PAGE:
She said that instead of upholding DOMA, which passed Congress and was signed into law by President Clinton, the court "substitute[d] their morality" for that of Congress. "Now we're looking at a supreme betrayal."

In its 5-4 ruling, the court said the Constitution gives the federal government no say over marriage policy and that DOMA unconstitutionally denied marriage benefits to same-sex couples in states where those marriages are legal.

Rep. Louie GohmertLouis (Louie) Buller GohmertGOP Rep. Zeldin to lead call for second special counsel Doug Collins to run for House Judiciary chair Congress votes to expand deficit — and many in GOP are unhappy MORE (R-Texas) also took issue with the ruling and accused the Supreme Court's "holy quintet" of trying to "rewrite the laws of nature and nature's God."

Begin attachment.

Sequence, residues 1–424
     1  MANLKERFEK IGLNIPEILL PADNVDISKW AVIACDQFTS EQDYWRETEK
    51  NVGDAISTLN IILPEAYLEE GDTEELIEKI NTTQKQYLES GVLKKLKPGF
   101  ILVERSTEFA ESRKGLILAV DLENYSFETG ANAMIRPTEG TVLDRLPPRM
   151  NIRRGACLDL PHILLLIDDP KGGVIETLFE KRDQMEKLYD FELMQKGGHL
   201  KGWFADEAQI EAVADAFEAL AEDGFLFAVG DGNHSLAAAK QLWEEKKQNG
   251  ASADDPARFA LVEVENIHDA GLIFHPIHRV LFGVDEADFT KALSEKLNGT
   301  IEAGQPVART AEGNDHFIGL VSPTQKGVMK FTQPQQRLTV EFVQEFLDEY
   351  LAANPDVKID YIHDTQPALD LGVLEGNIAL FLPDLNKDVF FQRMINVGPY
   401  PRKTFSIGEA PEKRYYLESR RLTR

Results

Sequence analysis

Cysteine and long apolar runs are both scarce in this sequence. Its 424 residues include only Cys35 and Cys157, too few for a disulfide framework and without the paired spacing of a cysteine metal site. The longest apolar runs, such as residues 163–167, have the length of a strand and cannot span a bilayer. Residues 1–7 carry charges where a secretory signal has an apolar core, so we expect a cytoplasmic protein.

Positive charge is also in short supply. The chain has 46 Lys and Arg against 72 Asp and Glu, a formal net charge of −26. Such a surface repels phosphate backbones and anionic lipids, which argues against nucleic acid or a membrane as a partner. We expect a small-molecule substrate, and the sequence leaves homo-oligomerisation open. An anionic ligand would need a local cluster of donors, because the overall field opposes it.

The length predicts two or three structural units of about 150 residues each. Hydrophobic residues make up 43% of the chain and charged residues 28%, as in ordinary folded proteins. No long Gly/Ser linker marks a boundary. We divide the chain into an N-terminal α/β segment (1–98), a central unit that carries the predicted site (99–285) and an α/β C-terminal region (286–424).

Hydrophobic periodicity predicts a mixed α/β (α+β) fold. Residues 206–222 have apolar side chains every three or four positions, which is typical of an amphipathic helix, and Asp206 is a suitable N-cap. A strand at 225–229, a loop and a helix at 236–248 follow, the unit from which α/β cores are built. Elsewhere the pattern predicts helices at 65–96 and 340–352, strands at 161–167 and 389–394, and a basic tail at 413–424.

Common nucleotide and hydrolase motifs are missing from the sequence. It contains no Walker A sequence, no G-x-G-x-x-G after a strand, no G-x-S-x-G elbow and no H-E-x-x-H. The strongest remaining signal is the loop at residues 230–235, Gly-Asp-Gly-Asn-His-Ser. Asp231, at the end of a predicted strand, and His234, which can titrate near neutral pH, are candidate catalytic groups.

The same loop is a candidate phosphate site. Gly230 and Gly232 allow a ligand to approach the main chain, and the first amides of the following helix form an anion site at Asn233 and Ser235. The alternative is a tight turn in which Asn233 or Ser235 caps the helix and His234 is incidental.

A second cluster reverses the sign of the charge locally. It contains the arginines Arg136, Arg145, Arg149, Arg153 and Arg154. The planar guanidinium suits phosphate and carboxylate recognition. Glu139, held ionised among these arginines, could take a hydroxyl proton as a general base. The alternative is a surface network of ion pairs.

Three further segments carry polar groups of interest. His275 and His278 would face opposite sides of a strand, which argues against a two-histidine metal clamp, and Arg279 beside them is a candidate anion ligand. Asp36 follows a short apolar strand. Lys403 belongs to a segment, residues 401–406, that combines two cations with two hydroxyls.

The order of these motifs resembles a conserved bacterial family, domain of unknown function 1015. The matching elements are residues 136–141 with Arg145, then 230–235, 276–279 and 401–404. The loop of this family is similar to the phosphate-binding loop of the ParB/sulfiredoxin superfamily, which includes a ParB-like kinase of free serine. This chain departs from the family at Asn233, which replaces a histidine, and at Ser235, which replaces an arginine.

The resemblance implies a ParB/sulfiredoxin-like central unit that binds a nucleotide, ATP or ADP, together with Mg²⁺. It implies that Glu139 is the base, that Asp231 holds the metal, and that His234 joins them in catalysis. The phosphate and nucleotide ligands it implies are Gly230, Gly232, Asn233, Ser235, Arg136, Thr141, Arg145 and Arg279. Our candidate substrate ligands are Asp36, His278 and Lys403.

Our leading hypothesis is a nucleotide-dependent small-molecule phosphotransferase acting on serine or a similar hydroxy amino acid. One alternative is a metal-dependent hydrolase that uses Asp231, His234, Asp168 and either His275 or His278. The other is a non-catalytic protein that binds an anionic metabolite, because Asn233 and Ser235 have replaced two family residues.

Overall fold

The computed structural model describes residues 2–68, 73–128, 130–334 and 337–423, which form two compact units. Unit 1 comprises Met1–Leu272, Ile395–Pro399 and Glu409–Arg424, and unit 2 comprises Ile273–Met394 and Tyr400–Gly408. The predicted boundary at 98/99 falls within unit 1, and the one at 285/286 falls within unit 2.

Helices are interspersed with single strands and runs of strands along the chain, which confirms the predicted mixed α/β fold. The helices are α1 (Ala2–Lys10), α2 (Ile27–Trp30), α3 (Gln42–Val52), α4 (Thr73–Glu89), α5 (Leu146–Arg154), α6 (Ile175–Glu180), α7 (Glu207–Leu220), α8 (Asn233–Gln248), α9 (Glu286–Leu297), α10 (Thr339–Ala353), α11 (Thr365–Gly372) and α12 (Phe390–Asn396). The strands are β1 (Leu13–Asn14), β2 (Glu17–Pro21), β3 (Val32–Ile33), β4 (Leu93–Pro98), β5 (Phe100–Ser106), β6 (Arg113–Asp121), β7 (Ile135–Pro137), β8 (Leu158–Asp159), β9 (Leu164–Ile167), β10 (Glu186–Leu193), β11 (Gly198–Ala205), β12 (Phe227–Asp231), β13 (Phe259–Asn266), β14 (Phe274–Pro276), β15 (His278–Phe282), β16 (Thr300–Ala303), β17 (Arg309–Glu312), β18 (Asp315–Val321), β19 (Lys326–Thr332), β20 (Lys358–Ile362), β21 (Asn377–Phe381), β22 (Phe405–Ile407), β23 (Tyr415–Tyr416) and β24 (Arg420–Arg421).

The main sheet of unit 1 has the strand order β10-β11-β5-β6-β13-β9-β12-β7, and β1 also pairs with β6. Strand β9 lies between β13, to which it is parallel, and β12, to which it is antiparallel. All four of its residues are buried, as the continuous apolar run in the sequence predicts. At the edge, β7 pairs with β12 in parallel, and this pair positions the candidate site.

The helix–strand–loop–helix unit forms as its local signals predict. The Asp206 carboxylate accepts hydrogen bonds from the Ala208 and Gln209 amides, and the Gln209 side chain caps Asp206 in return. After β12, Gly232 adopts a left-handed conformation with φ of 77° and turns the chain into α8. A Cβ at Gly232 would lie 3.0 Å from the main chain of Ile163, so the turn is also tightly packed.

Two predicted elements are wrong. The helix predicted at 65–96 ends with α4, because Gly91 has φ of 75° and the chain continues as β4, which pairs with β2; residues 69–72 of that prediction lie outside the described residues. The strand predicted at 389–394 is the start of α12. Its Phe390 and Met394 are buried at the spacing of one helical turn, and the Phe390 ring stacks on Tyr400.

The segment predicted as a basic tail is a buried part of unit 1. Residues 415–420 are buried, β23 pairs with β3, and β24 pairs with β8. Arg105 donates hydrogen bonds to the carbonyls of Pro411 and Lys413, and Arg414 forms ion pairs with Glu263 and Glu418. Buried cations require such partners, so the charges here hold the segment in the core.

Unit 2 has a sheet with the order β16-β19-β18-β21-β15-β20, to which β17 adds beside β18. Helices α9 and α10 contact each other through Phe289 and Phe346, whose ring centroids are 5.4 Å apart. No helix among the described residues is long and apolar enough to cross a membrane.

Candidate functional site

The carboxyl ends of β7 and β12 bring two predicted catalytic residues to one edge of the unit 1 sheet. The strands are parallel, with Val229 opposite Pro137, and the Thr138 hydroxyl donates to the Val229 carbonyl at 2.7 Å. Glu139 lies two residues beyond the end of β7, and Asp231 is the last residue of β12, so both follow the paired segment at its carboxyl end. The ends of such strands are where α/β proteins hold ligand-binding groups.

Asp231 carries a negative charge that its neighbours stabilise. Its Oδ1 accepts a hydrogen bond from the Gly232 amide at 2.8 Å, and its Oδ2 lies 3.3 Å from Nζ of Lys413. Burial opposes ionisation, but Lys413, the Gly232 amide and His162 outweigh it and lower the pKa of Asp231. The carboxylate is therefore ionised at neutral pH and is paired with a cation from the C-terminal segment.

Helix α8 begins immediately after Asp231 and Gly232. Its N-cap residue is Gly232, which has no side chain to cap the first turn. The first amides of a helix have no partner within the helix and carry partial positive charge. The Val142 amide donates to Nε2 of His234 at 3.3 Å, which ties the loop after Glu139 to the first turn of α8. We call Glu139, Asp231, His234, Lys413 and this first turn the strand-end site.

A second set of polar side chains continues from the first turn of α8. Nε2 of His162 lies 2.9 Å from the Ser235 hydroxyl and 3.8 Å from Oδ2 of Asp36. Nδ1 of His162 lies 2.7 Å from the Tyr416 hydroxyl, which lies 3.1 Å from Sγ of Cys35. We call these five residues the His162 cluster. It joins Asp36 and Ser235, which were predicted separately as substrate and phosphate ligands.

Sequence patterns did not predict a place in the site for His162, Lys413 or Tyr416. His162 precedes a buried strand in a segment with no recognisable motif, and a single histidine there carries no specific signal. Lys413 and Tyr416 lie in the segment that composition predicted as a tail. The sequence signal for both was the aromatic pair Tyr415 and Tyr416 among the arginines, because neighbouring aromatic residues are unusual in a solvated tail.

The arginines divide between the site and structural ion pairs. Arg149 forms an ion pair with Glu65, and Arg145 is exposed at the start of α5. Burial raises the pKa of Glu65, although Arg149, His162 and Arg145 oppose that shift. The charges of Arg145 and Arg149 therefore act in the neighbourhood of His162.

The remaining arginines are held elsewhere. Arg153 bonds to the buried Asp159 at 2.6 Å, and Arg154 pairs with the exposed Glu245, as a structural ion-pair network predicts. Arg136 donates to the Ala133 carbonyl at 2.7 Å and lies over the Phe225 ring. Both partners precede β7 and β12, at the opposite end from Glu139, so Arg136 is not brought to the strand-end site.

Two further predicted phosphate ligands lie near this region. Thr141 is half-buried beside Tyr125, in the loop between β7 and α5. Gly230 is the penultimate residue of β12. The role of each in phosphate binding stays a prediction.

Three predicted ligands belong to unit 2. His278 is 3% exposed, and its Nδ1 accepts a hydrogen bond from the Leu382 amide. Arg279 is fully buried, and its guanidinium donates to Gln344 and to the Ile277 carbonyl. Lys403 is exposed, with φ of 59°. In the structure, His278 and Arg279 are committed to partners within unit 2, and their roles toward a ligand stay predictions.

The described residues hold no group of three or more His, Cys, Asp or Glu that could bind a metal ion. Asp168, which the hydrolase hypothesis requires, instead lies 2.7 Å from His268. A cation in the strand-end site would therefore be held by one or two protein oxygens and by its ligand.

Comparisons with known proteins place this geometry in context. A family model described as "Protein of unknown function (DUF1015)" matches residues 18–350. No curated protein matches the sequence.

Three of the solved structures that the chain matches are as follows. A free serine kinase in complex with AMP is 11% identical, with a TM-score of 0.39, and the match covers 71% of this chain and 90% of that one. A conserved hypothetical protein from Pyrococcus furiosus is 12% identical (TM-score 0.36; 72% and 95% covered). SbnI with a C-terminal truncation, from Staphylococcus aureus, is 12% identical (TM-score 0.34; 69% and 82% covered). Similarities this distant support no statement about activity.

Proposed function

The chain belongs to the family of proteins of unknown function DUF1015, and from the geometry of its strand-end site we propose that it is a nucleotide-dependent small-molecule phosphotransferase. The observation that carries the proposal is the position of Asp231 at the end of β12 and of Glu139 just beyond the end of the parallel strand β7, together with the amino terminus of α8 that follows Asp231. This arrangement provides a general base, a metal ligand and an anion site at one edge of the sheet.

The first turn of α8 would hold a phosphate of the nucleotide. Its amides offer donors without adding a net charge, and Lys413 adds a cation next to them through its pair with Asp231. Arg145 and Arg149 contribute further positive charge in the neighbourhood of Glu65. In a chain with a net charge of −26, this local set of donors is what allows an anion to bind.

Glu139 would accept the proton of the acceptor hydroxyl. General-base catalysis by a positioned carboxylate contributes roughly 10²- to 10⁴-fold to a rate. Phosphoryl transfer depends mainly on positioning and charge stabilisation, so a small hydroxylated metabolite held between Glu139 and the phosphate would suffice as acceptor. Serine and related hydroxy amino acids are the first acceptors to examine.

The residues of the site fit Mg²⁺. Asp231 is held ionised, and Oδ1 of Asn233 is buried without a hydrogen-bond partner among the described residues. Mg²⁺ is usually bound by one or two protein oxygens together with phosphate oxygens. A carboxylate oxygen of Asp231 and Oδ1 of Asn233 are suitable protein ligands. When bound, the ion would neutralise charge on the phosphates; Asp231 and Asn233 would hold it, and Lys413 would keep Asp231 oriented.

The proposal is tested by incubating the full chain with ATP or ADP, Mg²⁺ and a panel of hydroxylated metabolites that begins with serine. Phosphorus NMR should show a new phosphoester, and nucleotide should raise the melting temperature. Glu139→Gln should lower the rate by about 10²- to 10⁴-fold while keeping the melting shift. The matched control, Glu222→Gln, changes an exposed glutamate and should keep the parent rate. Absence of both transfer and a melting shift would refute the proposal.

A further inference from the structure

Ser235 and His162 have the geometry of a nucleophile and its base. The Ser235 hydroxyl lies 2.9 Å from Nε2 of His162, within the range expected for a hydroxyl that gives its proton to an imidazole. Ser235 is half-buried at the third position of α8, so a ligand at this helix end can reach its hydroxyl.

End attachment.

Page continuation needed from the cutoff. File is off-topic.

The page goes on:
Gohmert said the purpose of DOMA was to protect the institution of traditional marriage, which he called "the greatest foundational building block of any society since the dawn of mankind." He also warned that the ruling could open the door to other definitions of marriage that could become legally acceptable, even though they may not be good for the country.

"I think polygamy is wrong, bigamy is wrong, and it's a crime in many places, but how will that be justifiable ... now that the court has removed this?" he asked.